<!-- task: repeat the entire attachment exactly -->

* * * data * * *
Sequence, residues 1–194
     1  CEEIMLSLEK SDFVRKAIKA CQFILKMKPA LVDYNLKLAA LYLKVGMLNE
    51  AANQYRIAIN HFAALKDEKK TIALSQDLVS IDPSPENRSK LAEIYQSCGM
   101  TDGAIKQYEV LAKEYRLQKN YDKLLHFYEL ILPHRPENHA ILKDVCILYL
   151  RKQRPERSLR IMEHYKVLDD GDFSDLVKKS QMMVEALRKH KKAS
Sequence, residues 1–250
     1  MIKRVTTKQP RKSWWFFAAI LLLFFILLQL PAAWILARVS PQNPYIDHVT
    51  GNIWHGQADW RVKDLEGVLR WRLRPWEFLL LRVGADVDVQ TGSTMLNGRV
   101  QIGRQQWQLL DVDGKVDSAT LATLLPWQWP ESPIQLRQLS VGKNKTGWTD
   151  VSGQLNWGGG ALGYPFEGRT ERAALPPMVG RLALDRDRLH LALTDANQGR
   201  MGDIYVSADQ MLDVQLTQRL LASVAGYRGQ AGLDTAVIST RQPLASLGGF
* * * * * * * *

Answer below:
Sequence, residues 1–194
     1  CEEIMLSLEK SDFVRKAIKA CQFILKMKPA LVDYNLKLAA LYLKVGMLNE
    51  AANQYRIAIN HFAALKDEKK TIALSQDLVS IDPSPENRSK LAEIYQSCGM
   101  TDGAIKQYEV LAKEYRLQKN YDKLLHFYEL ILPHRPENHA ILKDVCILYL
   151  RKQRPERSLR IMEHYKVLDD GDFSDLVKKS QMMVEALRKH KKAS
Sequence, residues 1–250
     1  MIKRVTTKQP RKSWWFFAAI LLLFFILLQL PAAWILARVS PQNPYIDHVT
    51  GNIWHGQADW RVKDLEGVLR WRLRPWEFLL LRVGADVDVQ TGSTMLNGRV
   101  QIGRQQWQLL DVDGKVDSAT LATLLPWQWP ESPIQLRQLS VGKNKTGWTD
   151  VSGQLNWGGG ALGYPFEGRT ERAALPPMVG RLALDRDRLH LALTDANQGR
   201  MGDIYVSADQ MLDVQLTQRL LASVAGYRGQ AGLDTAVIST RQPLASLGGF